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It’s hard to get out of ruts in thinking and behaviors. With New Year’s approaching, I’m preparing for a big resolution to do just that. I share it with you in the hopes that you’ll help me stick to it, because lordy lord lord I am going to need a LOT of help with this:
I have wasted so much energy (we’re talking powering-every-household-in-California-for-a-year energy) stressing about the amount of time my kids spend playing video games (not violent ones, mind you—just innocent and fun sports games, for cryin’ out loud). My motivation is pure; I think they’ll benefit from varying things up a bit, getting a bit of Vitamin D. Using the lonely trampoline. Nonetheless, my obsession is a complete waste of time and has caused unnecessary anguish in our home.
Hold that thought, and pair it with this: Yesterday I mentioned to a visiting friend that our boys still like to read with us at night before going to sleep.
She stopped me, went wide-eyed and repeated back: Your boys. Like to read. With their parents.
I smacked my forehead (again): Duh!
Why do I not instead expend energy dwelling on that sweet fact? Or a million other sweet facts about my boys?
And why does it take other people to point out what’s right in front of me?
My older son is the person who most consistently points out my failings, and 99% of the time he is on the money, so I appreciate his constructive criticism. Ironically, it’s the things I do trying to be a good mother that mostly mess up. Irony sucks.
My friend, psychologist Lana Benedek, recently offered parents at the elementary school a Mindful Parenting lesson. Here’s some of it, and what I will endeavor to commit to my soul’s memory for my New Year’s resolutions:
- Honor your child’s sovereignty, accept his or her unique abilities and needs.
Let go of what I wish they would do or be and see that they are so perfect as who they are.
- Let go of perfectionist standards in parenting, and accept that even with the best intentions mistakes will happen.
My kids are funny, compassionate, loving, thoughtful, inquisitive, silly, smart and above all else, entirely themselves. They are more than anyone could wish for. And I don’t need any help at all remembering that.
Happy new year to all.
My friend told me that in her daughter’s Social Studies class, the teacher has allowed the 15 year olds to choose their own discussion topic for the past few weeks. Without fail, they have chosen to talk about the Islamic State, and also without fail, each week a few of her classmates are in tears.
My first thought was that neither I nor my kids are well-read enough to sustain an intelligent discussion about the Islamic State (apart from “H&ly $h*% they’re scary!”). My second thought was, that is for the best. ISIS is a terrifying external threat, beyond my kids’ and my control, which can only make sensitive folks like us feel nuts.
I think I’m in luck: when I do try to begin a conversation about current events, it is quickly sidetracked to sports or Legos or “What’s for dinner?” But I know that doesn’t guarantee that they aren’t worrying about it. How do I ask my children if they are afraid of something, without inadvertently introducing a scary topic they may not have been worried about?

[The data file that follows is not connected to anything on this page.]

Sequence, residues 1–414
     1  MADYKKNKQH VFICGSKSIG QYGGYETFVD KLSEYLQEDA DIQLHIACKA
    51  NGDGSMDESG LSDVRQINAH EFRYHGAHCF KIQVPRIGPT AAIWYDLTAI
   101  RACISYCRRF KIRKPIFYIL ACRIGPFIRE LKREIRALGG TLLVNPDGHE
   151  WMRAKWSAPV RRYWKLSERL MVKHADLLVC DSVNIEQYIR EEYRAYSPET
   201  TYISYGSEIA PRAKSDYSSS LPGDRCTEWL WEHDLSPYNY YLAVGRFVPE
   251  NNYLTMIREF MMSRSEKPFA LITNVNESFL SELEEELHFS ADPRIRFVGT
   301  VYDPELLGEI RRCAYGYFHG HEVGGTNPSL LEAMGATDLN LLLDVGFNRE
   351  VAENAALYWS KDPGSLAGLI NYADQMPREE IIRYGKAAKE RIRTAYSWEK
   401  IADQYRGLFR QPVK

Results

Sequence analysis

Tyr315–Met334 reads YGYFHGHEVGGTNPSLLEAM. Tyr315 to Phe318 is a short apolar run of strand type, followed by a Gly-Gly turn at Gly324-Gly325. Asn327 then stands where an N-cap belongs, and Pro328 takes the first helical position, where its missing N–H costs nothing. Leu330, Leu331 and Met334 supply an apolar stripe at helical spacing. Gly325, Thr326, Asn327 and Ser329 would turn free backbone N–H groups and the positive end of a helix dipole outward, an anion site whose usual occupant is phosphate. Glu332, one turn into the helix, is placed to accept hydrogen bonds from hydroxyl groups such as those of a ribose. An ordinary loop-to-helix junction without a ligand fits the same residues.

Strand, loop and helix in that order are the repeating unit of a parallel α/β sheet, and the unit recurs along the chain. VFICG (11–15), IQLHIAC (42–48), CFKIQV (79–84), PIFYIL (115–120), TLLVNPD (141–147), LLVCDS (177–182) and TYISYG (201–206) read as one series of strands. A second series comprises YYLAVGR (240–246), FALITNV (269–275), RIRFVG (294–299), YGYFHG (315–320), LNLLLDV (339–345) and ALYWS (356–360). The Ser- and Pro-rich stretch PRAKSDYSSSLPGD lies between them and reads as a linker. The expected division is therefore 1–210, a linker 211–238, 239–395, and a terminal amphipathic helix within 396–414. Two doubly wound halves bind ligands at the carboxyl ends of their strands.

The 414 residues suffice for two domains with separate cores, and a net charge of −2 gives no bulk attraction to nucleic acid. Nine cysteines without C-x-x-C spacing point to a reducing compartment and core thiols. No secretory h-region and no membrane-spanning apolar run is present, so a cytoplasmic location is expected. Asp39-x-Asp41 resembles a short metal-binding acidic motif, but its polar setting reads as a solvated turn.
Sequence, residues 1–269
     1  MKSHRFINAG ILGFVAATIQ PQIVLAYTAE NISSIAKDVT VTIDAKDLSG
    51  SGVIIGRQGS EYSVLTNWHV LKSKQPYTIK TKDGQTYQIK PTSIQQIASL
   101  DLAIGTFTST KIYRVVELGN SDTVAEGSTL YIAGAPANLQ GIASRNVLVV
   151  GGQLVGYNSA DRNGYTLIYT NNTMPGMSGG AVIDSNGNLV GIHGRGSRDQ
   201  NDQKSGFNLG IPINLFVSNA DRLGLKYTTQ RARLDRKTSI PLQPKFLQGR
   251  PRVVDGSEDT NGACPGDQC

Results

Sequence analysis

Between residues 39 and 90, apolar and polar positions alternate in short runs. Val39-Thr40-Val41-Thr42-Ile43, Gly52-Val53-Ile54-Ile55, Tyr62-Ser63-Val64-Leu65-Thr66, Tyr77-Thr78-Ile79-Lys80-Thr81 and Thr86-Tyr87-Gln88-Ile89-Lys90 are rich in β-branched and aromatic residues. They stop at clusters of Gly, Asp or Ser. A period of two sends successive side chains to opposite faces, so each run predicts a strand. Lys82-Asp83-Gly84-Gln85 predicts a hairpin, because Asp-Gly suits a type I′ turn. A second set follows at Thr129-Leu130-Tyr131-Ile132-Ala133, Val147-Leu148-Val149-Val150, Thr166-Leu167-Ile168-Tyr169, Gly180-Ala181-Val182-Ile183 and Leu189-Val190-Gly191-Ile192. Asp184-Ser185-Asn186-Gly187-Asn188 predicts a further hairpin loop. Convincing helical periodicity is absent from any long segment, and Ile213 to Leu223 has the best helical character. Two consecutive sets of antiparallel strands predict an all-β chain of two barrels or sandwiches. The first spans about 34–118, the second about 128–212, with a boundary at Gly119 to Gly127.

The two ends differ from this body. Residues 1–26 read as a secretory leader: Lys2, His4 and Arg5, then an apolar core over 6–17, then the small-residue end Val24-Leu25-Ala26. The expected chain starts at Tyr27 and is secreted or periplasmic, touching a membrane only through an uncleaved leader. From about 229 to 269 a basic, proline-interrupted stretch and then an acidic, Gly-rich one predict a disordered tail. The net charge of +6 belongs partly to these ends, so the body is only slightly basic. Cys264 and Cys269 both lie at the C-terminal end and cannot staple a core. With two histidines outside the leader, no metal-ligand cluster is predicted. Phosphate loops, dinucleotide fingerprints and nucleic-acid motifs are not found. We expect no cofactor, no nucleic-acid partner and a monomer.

Enter a new book by LeVar Burton and Susan Schaefer Bernardo, The Rhino Who Swallowed a Storm.
A story within a story, The Rhino Who Swallowed a Storm introduces us to a mouse who is terrified by a terrible storm, and whose wise Papa reads her a book called…The Rhino Who Swallowed a Storm.
The story is a point of entry for talking about feelings that can overwhelm. The illustrations and poetic story-telling express the roiling feelings that we sometimes don’t have words for. Its mission is to help parents and children deal with external fears and anxiety, without once using words like fear and anxiety.
I don’t have the littlest of children anymore, but we all have worries, no matter our age. I’m happy to have this book to read to my kids (and to myself), to introduce a conversation we may need to have now or years hence, with imagery and language that are as reassuring as anything I could want. It won’t stop the terrorists, or hurricanes, or crazy gunmen, but it can help us get a handle on how not to swallow up and internalize those worries.
My sister and I had a favorite sight gag as kids. Hold up your middle three fingers toward someone, palm facing you and say, “Read between the lines.”
This is something different.
Our eight-year-old is assigned to read 20 minutes every night. And every night, as we open a book to read, he rolls over and says, “You read. I’m too tired.” We try gimmicks – “I’ll read one page (or paragraph, or sentence) and then you read one!” Mostly he refuses, and mostly I give in and read to him. With his school reading scores pretty strong, I justify it thusly: it’s a wonderful thing to be read to, we are building cozy memories.
But still I worry (of course I do). “He must do the assignment! He must improve! He could be reading at an even higher level!” (Trust me, as I write this I am even annoying myself.) I continue to pester him about reading, and he continues to resist.
Then, this morning, a most inexplicable turn of events. On the drive to school, the little guy agreed to help his brother practice lines for the balcony scene in Romeo & Juliet. Motoring along the palm tree lined Ocean Avenue and San Vicente Blvd., my son who balks at reading The Hardy Boys aloud, eloquently read aloud the immortal words, “Romeo, Romeo, wherefore art though Romeo?”
He did the entire scene, until he bumped with embarrassment over the word “breast.” It went downhill from there, screeching to a halt at the word “marriage.” He had a problem with saying he would get married to his brother. “Daddy,” he said with no room for negotiation, “you have to say the M-word, cuz I won’t.”